As for indignation, well, we’ll start by noting that I do consider Aaron Fitt to be the most accomplished national collegiate baseball writer in the business. That said, in his first year on the West Coast for Baseball America, he’s taking a fondness to Oregon State. Actually, that’s not entirely fair to say. Let’s go into the whole story.
Three weeks ago, Oregon State completed a two week stretch in which they swept Arizona State at home and Stanford on the road. That same weekend, Vanderbilt dropped its first series at South Carolina. Baseball America decided to catapult Beavers six spots to third and drop the previously top ranked Commodores to fourth. In doing so, Oregon State jumped over a Fullerton squad that went 4-0 on the week, a Texas squad that went 3-1 and Florida and Texas A&M squads that won their weekend series.
Now, I don’t begrudge a ranking spot of one place – to be quite honest, it’s entirely irrelevant. Nevertheless, the justification for pushing Oregon State (a hot streak and perceived under-ranking) violated a semi-cardinal rule that has kept Oregon State in the number three ranking the last two weeks. Notably, higher ranked teams that won weekend series were jumped by the Beavers three weeks ago. In the case of Florida, they were jumped while defeating a solid Georgia squad on the road. Baseball America folks (as well as Kendall Rogers of Perfect Game) have long noted that you generally do not drop a team if they win their weekend series. This rule makes particular sense early in a season when the sample sizes are small. Later in the year, it makes less sense.
Nevertheless, the justification for Oregon State’s jump was a hot streak. If you look at the last 20 games for Vanderbilt and the last 21 games for Oregon State (21 so as to include their 7-2 loss to Oregon on Tuesday night of this week), you have the following results:
|Vs Top 50 RPI||12-2||12-3|
It would sure seem to me that while both teams are on nice runs, one, in particular, is steamrolling the competition. Vanderbilt has demolished its opponents, save a visit to Columbia and the defending champions who currently hold the second ranking in Baseball America’s poll.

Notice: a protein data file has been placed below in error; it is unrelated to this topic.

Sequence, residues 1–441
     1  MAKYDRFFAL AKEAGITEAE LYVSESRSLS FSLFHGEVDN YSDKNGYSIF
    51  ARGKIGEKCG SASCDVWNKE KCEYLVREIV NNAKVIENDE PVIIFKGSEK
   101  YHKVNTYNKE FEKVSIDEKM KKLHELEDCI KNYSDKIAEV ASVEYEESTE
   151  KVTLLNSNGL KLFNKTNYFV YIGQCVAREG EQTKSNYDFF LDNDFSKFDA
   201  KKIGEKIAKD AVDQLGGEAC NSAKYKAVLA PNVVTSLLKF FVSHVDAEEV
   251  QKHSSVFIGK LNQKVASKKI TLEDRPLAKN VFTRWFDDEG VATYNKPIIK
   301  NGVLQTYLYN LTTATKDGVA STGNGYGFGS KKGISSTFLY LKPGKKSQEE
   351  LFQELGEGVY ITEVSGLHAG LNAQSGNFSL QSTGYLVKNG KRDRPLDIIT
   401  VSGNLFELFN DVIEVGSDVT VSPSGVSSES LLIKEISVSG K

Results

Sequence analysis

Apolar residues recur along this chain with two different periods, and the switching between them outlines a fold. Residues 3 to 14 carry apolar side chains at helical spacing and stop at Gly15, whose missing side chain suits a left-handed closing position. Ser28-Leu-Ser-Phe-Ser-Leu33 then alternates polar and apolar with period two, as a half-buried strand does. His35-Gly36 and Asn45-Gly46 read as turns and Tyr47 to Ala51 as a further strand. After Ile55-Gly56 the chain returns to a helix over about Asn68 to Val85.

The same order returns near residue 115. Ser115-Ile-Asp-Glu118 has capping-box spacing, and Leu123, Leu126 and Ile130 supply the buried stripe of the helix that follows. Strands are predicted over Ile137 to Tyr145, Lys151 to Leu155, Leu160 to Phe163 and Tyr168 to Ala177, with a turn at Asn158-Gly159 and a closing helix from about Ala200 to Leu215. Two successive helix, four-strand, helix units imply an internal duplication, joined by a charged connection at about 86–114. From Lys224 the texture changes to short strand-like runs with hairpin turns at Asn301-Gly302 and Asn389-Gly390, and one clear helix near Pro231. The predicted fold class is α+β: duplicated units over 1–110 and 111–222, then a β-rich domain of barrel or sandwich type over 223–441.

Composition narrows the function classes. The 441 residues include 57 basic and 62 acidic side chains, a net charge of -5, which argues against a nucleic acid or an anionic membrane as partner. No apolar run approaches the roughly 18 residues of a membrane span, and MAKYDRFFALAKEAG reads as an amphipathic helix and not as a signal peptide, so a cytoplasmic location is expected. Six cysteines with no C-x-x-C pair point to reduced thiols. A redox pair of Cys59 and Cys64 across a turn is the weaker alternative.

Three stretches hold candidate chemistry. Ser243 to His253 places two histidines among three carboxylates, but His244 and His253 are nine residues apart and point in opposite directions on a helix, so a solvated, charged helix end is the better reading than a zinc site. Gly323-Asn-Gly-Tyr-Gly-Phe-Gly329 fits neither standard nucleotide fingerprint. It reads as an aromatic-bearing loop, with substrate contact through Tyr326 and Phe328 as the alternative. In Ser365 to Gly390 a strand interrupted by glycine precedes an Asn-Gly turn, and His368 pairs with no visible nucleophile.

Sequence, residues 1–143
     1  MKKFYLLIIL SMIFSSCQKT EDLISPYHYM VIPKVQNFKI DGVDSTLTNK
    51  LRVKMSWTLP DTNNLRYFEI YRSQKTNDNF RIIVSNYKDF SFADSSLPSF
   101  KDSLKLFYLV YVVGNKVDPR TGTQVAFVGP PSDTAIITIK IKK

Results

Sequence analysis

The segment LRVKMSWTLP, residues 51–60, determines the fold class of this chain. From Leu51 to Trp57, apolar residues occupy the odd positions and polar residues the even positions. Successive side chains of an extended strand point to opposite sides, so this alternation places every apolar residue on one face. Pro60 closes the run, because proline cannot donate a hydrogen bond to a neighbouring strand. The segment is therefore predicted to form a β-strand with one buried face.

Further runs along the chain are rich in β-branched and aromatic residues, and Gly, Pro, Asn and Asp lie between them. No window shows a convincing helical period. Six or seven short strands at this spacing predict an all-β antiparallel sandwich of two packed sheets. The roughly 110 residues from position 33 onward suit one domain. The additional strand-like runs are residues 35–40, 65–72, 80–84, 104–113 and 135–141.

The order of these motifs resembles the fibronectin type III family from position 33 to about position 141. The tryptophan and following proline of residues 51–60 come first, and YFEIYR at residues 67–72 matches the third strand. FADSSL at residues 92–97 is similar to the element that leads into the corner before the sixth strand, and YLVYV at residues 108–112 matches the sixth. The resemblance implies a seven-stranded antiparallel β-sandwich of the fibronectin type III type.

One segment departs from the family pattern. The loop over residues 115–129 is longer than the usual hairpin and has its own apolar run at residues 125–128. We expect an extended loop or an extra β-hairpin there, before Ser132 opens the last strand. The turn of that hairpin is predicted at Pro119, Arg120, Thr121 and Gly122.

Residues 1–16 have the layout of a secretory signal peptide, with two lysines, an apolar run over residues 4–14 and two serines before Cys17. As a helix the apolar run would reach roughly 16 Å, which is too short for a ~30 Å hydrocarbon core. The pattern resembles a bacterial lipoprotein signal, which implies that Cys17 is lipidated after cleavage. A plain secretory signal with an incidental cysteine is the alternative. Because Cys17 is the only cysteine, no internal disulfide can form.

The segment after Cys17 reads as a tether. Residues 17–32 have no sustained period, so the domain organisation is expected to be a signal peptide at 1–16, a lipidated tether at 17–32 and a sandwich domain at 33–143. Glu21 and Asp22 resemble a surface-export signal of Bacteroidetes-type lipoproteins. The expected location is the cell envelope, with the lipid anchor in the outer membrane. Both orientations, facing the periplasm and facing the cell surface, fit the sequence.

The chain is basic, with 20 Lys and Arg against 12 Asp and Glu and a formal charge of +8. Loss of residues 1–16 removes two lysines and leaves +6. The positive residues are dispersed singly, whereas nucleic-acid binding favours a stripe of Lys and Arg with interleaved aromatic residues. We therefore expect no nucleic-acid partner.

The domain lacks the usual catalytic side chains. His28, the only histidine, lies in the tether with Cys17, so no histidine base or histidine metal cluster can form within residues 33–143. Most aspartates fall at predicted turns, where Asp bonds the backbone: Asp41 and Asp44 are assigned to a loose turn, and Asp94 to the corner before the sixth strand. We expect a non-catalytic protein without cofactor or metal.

While Vanderbilt has continued to streak, with back-to-back, impressive sweeps since being jumped by the Beavers, Oregon State has dropped a game each of the last two weekends. While admitting several times that he actually believes Vanderbilt is the better team, Fitt pointed to the apprehension toward dropping the ranking of teams which had won weekend series in favor of “hot teams” – or exactly what he did in advancing the Beavers over Florida, Texas and Texas A&M.
When looking at the two teams on the year, arguments that would put Oregon State ahead of Vanderbilt in talent don’t really emerge easily. Fitt has publicly agreed that Commodores are probably the superior team — he also noted that he thinks Florida might have the most talented team, a sentiment I agree with as well. Here are the basic, full season team profiles for the Commodores and Beavers.
|WN RPI / SOS||2 / 30||12 / 53|
|Boyd ISR / SOS||1 / 52||8 / 37|
|Vs Top 50 RPI||16-5||12-5|
|Vs Top 100 RPI||21-5||20-7|
Now, the takeaway is that both of these teams are excellent. They both pitch well and field well (.973 for Oregon State, .972 for Vanderbilt), but the offenses are not comparable and neither are the scoring margins against roughly equal schedules. Fitt cited series against Brown (227 RPI, 3 games, +7 scoring margin) or UIC (207, 3, +6) as condemning of Vanderbilt; however, he saw no such problem with Hartford (291, 4, +44), Seattle (229, 2, +1, loss) and Portland (226, 2, +15) on the Beaver’s slate. Of Oregon State’s +107 scoring margin on the year, +60 comes from those eight games. For Vanderbilt, only +13 of their +182 scoring margin in 2011 is attributable to those six games.